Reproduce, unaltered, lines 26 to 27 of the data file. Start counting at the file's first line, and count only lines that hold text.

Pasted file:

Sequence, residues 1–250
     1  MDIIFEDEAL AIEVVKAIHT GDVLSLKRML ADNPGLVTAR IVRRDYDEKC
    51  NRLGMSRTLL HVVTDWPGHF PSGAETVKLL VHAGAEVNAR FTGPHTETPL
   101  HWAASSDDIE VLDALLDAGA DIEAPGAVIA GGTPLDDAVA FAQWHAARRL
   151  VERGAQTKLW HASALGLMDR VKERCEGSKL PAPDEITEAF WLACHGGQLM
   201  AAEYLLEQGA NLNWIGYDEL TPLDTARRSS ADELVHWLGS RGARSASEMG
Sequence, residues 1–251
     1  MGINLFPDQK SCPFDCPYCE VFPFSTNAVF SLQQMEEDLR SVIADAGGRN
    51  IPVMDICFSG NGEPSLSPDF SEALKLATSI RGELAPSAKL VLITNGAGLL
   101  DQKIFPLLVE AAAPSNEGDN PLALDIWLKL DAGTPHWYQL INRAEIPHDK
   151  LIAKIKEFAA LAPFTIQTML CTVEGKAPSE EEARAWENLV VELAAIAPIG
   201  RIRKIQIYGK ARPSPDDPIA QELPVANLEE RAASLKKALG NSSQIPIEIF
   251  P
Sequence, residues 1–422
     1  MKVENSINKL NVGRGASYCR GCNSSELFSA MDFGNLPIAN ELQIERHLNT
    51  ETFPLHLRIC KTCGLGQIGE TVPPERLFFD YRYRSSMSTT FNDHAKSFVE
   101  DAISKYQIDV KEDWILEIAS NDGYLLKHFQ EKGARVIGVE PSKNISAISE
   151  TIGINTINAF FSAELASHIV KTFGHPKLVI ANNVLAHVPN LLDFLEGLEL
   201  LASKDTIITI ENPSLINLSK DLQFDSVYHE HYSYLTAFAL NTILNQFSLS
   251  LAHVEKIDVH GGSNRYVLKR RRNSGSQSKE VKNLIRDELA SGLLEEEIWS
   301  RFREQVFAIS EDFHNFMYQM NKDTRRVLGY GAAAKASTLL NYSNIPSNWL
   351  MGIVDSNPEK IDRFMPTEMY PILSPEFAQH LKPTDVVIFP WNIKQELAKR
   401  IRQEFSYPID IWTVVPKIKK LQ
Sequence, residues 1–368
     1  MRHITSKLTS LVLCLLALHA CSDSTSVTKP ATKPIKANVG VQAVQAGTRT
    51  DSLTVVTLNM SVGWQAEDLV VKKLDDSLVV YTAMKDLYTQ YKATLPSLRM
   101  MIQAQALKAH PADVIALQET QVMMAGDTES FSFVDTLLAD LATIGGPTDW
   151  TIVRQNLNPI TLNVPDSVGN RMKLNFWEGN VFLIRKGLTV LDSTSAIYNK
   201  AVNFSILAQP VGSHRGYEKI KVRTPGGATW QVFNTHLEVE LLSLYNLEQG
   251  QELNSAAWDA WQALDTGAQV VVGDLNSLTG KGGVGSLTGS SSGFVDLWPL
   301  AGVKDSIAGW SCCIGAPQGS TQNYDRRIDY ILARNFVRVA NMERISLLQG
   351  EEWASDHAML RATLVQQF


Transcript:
    51  DSLTVVTLNM SVGWQAEDLV VKKLDDSLVV YTAMKDLYTQ YKATLPSLRM
   101  MIQAQALKAH PADVIALQET QVMMAGDTES FSFVDTLLAD LATIGGPTDW